I don't get out to the airport as often as I used to. But from what I gather watching the latest Steven Spielberg flick The Terminal, the tightened security I keep hearing about must have lapsed. Apparently you can hang out for months at a time, even build your own bedroom set and get comfy -- if you can find a nice abandoned wing of the airport that is. And given the high cost of housing, it's a wonder we don't all rush out to LAX and move right in. Then again maybe the security regulations I thought were in place are only waved for huggable immigrants like the one Tom Hanks plays in this improbable film.
Hanks is Viktor Navorksy, a man between countries who is trapped in the international terminal of JFK when his homeland erupts in revolution and he has no place to land. Viktor follows in the footsteps of other characters the Jimmy Stewart of our age has played with an accent reminiscent of Latka on Taxi. He is Forrest Smirnoff. He is Cast Away in the Duty Free. But with Spielberg at the helm there's a bit of E.T. among the baggage handlers at work here too.
For every good guy there is a villain and we have Frank Dixon (Stanley Tucci). Dixon is head of Homeland Security here at the airport, the man assigned to vet the border, and what a mean little jingoist he is. Weepy immigrants only inspire him to kick their butts back to Kantstanyastan. But he's met his match in Viktor.
Finding allies in the terminal, prisoners to the clock like himself, Viktor starts to take on saintly qualities, using his situation to perform "good deeds." Viktor unites a food services guy and a pretty security officer and even throws rice at their wedding here in the airport (what a handy place!) And Viktor uses his spare time to fix up the ol' hangar, for it turns out he is a master carpenter too! He magically rebuilds parts of the terminal out of thin air, and uses those same skills to woo Catherine Zeta-Jones as a dizzy sexpot stewardess who doesn't seem to care that Viktor has no zip code and even less zip.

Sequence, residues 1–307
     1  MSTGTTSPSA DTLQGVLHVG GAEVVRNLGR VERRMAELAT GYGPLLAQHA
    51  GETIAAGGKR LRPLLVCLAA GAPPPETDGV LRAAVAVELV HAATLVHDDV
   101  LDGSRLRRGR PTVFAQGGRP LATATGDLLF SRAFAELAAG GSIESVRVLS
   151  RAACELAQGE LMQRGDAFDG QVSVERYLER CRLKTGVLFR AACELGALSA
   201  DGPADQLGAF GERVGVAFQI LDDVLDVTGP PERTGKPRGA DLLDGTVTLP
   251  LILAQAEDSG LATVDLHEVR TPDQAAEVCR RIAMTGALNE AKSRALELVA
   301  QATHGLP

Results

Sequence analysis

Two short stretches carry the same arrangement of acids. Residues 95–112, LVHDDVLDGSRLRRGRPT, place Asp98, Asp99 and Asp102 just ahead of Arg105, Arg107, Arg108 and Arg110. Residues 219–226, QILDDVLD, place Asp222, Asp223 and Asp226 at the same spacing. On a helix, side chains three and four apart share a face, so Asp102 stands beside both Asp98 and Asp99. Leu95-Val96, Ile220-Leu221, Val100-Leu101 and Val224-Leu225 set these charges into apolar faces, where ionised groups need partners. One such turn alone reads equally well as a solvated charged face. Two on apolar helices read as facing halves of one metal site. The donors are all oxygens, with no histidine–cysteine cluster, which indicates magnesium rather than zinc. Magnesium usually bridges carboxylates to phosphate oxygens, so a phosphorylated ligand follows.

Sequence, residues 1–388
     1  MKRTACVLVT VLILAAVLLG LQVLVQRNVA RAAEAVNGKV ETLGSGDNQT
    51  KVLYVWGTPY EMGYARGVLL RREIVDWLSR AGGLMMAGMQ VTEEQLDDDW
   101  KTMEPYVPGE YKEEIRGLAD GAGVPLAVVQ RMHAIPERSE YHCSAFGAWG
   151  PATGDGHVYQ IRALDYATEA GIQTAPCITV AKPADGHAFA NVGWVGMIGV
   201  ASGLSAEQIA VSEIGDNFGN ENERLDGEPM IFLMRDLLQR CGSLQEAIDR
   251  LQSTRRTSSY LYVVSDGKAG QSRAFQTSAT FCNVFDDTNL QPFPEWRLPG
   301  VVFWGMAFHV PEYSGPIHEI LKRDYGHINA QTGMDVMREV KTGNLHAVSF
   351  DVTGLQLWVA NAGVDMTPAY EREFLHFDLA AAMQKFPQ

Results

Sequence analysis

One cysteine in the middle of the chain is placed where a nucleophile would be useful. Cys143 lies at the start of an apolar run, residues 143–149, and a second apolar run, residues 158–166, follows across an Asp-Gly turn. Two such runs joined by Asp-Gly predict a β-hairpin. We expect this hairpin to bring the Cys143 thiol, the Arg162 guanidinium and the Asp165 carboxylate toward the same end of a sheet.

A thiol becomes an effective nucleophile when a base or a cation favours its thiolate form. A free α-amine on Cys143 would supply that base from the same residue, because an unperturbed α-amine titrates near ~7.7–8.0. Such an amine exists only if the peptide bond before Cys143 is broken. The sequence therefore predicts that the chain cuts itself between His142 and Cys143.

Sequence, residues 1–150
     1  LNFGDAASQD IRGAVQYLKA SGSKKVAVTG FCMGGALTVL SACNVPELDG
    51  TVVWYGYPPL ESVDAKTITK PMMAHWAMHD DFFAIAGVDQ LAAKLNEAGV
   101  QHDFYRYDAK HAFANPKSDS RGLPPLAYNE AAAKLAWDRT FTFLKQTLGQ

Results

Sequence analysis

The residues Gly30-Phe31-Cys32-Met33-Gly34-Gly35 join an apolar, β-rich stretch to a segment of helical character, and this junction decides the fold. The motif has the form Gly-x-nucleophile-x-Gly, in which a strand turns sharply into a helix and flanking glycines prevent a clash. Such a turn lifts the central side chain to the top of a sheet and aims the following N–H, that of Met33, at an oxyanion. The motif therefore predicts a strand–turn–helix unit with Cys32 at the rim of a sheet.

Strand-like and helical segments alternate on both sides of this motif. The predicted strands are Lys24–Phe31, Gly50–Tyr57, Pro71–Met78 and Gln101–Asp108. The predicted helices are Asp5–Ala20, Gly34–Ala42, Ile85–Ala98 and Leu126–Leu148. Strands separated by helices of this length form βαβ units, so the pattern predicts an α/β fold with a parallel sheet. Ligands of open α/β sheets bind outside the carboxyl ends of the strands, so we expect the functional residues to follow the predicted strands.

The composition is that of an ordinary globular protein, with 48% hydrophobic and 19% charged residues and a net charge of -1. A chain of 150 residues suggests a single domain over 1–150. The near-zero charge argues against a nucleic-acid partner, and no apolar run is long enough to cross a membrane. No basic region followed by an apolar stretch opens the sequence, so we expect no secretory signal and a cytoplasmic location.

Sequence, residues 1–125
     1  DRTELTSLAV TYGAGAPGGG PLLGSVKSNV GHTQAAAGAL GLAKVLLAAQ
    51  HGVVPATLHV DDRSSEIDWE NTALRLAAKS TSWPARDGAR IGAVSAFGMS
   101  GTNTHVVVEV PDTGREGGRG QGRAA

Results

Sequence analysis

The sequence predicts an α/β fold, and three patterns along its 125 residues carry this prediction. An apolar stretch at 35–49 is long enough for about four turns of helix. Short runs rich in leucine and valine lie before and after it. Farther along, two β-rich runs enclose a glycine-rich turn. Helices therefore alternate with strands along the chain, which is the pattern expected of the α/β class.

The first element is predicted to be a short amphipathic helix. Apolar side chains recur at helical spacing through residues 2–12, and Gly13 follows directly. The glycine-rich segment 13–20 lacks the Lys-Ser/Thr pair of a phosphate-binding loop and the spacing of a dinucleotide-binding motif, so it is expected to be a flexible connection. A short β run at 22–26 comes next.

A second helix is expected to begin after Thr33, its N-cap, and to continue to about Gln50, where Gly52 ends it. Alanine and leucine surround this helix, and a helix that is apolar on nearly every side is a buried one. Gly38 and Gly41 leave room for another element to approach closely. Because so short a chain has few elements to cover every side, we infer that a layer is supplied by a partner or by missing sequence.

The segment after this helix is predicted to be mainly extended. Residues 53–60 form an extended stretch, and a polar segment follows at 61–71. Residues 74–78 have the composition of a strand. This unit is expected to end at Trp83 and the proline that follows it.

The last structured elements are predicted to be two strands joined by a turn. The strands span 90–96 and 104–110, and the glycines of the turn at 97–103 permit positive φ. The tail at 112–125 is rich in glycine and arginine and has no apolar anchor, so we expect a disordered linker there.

And the more earnest and hard-working Viktor shows himself to be, the more Dixon wants to show him the gate.
Among the doe-eyed fringe dwellers here in what we are led to believe is a "microcosm of America" are a variety of other lovable actors and accents to go with them. You see, it's not the people who are the problem, it's those who are in charge. And despite the fact that there are more little people, big meanies like Dixon have guns, and this annoying thing called The Law they have to enforce all the time. But since the laws of logic and reality don't apply why should any others?
For all the Hallmark heart of Viktor's Big Adventure, nothing happens. For all the sentimentality, it never gets off the ground. This is the kind of movie someone must have thought of while killing time out at the airport between flights. This is one idea they should have kept on standby.